This may seem pessimistic, but I do not believe that all hope is lost with respect to addressing wicked problems like COVID-19. Rather, I conclude only that efforts at de-politicization of the pandemic are likely to be in vain. Instead, and in keeping with the spirit of my first Transmission, I would urge scientists of all fields to embrace the inescapably political dimensions of their work. For instance, when scientists argue (with good reason) that vaccines are the most effective tool for curtailing the spread of COVID-19, they must recognize that, whether they like it or not, this message has a political valence. Thus, getting this message to the public requires scientists to embrace politics rather than shirk them. This is especially true when scientific recommendations bear so directly on the well-being of so many.
Read more thoughts on the COVID-19 pandemic from complex-systems researchers in The Complex Alternative, published by SFI Press.
1 C. Cillizza, “2 Maps that Explain How Partisanship has Poisoned our Fight against COVID-19, CNN, July 10, 2021, https://www.cnn.com/2021/07/08/politics/electoral-map-vaccine-map-covid-19/index.html
2 S. Shahrigian, “Dr. Fauci Decries Nation’s Political Divide over COVID Vaccinations,” New York Daily News, July 11, 2021, https://www.nydailynews.com/news/politics/us-elections-government/ny-fauci-delta-variant-nasty-strain-20210711-ymir45yrpresrhfdtviqxvzmuu-story.html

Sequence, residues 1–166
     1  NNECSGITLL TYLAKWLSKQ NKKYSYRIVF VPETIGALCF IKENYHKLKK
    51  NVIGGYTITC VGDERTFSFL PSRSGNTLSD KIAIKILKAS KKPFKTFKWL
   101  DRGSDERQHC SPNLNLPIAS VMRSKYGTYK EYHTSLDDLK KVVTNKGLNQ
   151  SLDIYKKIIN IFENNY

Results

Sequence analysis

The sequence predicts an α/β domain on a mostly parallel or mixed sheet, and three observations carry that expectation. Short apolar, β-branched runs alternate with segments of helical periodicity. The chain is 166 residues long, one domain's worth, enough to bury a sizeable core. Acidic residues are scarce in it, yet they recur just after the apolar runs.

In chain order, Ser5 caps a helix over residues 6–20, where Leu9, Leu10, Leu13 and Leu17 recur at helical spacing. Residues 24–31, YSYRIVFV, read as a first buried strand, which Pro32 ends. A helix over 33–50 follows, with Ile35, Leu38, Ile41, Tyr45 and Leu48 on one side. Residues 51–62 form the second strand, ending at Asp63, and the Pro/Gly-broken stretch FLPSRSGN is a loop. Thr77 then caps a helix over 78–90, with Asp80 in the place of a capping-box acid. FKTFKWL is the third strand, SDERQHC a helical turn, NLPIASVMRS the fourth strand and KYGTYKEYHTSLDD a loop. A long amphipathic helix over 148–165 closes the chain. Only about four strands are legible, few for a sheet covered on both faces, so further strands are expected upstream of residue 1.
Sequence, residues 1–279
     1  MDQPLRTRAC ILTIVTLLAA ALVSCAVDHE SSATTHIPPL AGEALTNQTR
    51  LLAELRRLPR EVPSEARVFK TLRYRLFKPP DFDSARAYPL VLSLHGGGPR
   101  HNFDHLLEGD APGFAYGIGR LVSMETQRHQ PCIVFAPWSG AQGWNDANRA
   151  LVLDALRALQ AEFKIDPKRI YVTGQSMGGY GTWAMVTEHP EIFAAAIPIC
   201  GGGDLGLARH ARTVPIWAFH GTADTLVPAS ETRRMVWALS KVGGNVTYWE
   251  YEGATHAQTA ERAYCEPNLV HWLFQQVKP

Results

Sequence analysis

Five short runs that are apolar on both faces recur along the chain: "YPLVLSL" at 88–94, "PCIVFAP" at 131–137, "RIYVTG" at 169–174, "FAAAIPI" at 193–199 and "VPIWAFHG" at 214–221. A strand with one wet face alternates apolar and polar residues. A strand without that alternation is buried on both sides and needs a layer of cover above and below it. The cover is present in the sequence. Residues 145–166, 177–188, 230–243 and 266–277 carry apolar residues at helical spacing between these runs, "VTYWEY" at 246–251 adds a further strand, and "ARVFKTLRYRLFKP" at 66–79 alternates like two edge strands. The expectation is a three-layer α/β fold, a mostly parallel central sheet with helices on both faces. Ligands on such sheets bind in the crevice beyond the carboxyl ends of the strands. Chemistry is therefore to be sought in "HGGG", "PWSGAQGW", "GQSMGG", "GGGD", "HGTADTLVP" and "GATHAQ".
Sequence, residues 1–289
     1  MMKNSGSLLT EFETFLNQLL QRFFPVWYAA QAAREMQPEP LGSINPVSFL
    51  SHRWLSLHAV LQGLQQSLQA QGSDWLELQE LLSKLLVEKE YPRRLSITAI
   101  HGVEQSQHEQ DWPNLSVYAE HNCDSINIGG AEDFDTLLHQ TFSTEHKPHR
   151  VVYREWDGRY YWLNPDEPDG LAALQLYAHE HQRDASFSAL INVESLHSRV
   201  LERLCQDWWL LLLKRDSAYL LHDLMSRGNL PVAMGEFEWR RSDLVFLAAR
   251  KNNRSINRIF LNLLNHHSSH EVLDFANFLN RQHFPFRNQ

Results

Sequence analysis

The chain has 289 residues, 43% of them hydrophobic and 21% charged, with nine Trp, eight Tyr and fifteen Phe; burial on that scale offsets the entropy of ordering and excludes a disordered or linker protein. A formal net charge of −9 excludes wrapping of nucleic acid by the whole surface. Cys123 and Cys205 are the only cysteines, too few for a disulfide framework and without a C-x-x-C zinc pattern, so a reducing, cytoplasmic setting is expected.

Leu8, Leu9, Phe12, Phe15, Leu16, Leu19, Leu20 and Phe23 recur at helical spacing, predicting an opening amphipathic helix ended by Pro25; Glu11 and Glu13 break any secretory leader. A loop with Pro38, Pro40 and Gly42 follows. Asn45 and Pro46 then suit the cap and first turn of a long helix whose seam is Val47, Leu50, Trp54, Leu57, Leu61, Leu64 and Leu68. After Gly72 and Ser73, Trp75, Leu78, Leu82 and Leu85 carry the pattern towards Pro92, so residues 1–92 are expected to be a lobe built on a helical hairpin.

3 C.H. Legare, D.M. Sobel, and M. Callanan, 2017, “Causal Learning is Collaborative: Examining Explanation and Exploration in Social Contexts,” Psychonomic Bulletin & Review 24(5): 1548-1554, doi: 10.3758/s13423-017-1351-3
4 S. Sloman and P. Fernbach, 2017, The Knowledge Illusion: Why We Never Think Alone, New York, NY: Riverhead Books.
5 W.V.O. Quine, 1960, Word and Object, Cambridge, MA: MIT Press.
6 Although Quine set up Carnap as a foil for many of his arguments, and Kuhn explicitly viewed his project as an extension of Carnap’s, Becker, 2002, “Kuhn’s Vindication of Quine and Carnap,” History of Philosophy Quarterly 19(2): 217-235, convincingly argued that all three are committed to a version of the epistemic holism described herein.